It was another fantastic spring day across the region wasn’t it? Just a few thin high clouds drifting lazily by at times. We made it to 68 in Portland, just a few notches down from the 71 yesterday (March 31st). Salem and Eugene were a bit warmer than yesterday.
In my opinion, we’ve had a great start to spring if you like to get outdoors. March was drier than average, with plenty of partly cloudy or sunny days. It was our 7th driest on record at PDX (out of 81), and the 2nd driest during a La Niña winter/spring.
Just as interesting? We’ve now gone through four consecutive years with drier than normal conditions in March. Payback will be a real tough in some future March!
And you can see most of the West has been quite dry this past month
What about temperatures? A bit cooler than average. Not a huge departure, but most of Oregon has been cooler than normal.
Is this unusual? Not really. Looking back at past La Nina springs, there is a very strong signal for cooler than normal across the Pacific Northwest. This is a composite of April-June temperatures for the last 20 La Nina springs. Pretty clear signal isn’t it?
One would think a cool spring would also be wet, but that’s not the case. April through June precipitation from those same 20 springs…well below average.
I don’t mind these springs too much; plenty of sunny or partly cloudy days mixed in with the wet days. Plenty of chilly nights and late frosts (like this year), but a cold/clear night is followed by very strong April/May sunshine too!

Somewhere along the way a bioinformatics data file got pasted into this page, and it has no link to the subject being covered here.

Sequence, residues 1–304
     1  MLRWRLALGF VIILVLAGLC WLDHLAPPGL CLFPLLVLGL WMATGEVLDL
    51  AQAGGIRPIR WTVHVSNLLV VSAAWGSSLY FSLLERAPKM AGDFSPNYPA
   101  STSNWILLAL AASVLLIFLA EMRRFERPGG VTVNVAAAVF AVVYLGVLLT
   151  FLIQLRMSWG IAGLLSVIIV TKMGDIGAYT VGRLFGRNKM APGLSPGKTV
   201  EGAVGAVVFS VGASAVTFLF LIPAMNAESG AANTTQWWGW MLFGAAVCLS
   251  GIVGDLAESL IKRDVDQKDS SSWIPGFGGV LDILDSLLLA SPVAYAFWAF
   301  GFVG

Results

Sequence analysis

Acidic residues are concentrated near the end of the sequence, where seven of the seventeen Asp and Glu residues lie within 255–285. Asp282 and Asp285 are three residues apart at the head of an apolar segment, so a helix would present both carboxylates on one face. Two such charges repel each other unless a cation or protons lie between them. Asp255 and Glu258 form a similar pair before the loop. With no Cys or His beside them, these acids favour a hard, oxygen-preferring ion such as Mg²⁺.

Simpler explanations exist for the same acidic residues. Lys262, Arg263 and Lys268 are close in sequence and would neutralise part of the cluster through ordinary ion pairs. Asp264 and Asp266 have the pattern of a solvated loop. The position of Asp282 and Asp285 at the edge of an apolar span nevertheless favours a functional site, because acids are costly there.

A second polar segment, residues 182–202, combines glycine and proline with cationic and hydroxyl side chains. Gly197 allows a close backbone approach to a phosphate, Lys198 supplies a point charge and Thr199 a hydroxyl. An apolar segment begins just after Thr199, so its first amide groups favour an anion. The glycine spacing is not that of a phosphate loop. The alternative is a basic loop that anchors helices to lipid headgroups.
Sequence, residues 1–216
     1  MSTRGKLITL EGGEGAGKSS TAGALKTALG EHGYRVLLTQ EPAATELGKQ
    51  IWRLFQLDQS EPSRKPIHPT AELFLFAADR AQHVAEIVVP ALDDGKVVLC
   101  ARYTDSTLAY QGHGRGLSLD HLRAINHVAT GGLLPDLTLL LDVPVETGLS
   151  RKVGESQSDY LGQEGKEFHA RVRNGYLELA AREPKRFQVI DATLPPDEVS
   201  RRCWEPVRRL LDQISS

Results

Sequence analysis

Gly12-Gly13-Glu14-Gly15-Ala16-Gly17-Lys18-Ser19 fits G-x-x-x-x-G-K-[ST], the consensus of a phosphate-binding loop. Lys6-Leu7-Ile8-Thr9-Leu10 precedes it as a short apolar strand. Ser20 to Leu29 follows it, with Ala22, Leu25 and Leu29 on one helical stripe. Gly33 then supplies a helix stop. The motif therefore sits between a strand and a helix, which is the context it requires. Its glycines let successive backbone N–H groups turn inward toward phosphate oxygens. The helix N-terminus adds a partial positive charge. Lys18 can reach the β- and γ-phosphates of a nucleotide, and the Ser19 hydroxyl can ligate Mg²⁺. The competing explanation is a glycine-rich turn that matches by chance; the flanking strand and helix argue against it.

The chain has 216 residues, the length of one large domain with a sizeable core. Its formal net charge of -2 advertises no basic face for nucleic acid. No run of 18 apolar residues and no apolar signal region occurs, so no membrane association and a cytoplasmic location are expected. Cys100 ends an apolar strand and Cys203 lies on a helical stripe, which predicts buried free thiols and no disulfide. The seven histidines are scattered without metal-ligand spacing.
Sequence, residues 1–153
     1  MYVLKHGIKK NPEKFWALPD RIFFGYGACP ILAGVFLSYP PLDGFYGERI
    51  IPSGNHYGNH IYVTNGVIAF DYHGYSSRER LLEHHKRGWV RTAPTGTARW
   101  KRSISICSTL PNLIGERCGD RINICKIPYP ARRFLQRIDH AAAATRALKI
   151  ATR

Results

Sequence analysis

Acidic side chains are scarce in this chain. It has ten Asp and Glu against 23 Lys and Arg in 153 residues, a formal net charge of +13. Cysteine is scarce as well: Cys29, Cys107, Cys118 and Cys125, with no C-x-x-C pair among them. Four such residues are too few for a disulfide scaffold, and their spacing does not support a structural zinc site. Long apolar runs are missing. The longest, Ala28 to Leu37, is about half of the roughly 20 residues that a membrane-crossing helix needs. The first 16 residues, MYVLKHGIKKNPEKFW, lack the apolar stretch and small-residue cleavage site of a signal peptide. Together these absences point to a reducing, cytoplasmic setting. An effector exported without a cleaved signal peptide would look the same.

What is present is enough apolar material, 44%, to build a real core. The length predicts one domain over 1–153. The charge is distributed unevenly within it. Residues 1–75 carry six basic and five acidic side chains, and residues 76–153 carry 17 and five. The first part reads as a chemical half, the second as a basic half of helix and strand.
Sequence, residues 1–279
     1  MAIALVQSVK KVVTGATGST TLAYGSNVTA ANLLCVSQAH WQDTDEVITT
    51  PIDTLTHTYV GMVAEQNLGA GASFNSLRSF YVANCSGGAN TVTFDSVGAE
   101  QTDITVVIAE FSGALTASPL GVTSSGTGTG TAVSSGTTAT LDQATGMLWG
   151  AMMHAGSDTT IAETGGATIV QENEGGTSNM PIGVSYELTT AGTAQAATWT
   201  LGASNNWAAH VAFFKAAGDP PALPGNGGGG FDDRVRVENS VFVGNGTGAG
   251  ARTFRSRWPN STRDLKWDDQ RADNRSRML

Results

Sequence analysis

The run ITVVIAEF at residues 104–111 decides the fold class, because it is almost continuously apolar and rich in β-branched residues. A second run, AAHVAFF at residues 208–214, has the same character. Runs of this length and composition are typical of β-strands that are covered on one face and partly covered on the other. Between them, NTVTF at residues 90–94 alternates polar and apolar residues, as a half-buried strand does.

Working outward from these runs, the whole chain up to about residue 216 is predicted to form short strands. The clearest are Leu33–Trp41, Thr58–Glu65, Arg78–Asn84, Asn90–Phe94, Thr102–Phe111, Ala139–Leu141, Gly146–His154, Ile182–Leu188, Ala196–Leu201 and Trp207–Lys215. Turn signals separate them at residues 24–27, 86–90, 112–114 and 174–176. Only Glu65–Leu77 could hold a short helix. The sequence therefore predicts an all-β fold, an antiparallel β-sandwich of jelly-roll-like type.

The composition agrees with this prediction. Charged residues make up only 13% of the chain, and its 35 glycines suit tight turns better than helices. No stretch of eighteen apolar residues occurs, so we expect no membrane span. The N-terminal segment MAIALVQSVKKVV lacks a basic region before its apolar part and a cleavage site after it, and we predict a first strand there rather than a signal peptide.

Snowpack is still running well ahead of average in northern Oregon; no significant spring melt yet due to the cooler temps. Southern Oregon is not in good shape as of April 1st. Lots of drought issues are likely across the Klamath and Good Lake basins
April is what I call the “greening up” month west of the Cascades. Most deciduous shrubs and trees come alive this month; bare of foliage to start, then flush with fresh leaves & green by April 30th. It’s very dramatic in the woods around my home. Right now the ground is pretty much bare and bright sunshine makes it down to the forest floor. But four weeks from now all the ferns will have popped out of the ground, alder/maple trees will be leafed out. It turns darker and shady in the woods from that point through October.
Portland’s average high temperature rises from 59 > 64, and we typically see 5 days at/above 70 degrees. Last year we made it to 76 degrees late in the month
We have also entered the drier half of the year…just barely. April is slightly drier than October in a typical year as the rainy season slowly winds down
In the short term, we’ve got a dying cold front that brings a few sprinkles to the northern Oregon coastline tomorrow. Then (unfortunately) on Easter a splitting upper-level trough brings another dying front overhead. Lots of clouds that day but not much rain! The fresh 00z GRAF model shows how little rain we expect through Sunday afternoon. If there is no color on this map, that means less than 0.10″ precipitation.
The result? Not much rain and temperatures near normal for this first week of April. And…
EASTER WILL NOT BE A WASHOUT, JUST LOTS OF CLOUDS PLUS A FEW SPRINKLES OR A SHOWER
Chief Meteorologist Mark Nelsen